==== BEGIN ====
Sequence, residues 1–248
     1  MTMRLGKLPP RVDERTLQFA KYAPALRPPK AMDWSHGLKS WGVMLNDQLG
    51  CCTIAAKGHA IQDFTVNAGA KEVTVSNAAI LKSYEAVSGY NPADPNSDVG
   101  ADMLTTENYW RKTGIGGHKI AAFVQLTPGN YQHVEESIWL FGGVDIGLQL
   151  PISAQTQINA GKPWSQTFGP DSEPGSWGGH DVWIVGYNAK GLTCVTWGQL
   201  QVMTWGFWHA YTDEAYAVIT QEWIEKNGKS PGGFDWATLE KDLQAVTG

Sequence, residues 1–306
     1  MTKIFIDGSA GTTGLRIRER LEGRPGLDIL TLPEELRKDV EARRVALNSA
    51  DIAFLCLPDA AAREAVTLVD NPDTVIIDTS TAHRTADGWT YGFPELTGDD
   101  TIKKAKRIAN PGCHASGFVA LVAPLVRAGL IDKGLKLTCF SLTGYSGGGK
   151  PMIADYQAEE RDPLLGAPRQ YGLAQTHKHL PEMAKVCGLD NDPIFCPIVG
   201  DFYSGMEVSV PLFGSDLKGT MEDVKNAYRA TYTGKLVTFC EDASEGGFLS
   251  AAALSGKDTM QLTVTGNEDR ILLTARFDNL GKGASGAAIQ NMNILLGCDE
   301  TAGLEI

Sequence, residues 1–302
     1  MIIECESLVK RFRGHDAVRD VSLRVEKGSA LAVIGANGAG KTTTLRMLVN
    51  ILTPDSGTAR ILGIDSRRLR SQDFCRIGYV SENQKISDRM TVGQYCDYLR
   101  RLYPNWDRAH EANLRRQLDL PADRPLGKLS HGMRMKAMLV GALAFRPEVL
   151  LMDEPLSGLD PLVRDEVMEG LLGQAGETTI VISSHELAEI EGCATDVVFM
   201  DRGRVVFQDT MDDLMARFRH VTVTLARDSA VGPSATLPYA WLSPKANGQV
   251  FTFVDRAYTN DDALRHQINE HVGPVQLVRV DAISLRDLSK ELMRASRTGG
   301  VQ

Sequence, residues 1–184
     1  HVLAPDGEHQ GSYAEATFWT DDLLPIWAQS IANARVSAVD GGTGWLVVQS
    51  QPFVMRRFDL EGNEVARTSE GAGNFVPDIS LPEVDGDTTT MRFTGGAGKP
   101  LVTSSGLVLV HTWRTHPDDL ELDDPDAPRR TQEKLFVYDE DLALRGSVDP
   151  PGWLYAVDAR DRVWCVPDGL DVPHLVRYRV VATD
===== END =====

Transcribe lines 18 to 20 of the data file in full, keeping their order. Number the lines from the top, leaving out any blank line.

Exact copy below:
   101  RLYPNWDRAH EANLRRQLDL PADRPLGKLS HGMRMKAMLV GALAFRPEVL
   151  LMDEPLSGLD PLVRDEVMEG LLGQAGETTI VISSHELAEI EGCATDVVFM
   201  DRGRVVFQDT MDDLMARFRH VTVTLARDSA VGPSATLPYA WLSPKANGQV